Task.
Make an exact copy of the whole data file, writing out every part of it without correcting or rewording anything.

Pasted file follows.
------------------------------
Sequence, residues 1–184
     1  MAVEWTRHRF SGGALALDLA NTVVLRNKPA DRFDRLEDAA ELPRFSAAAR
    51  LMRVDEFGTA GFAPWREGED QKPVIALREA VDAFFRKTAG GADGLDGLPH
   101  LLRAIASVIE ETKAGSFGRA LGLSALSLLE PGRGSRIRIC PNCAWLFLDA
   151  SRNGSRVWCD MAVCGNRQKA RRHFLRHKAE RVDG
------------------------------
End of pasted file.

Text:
Sequence, residues 1–184
     1  MAVEWTRHRF SGGALALDLA NTVVLRNKPA DRFDRLEDAA ELPRFSAAAR
    51  LMRVDEFGTA GFAPWREGED QKPVIALREA VDAFFRKTAG GADGLDGLPH
   101  LLRAIASVIE ETKAGSFGRA LGLSALSLLE PGRGSRIRIC PNCAWLFLDA
   151  SRNGSRVWCD MAVCGNRQKA RRHFLRHKAE RVDG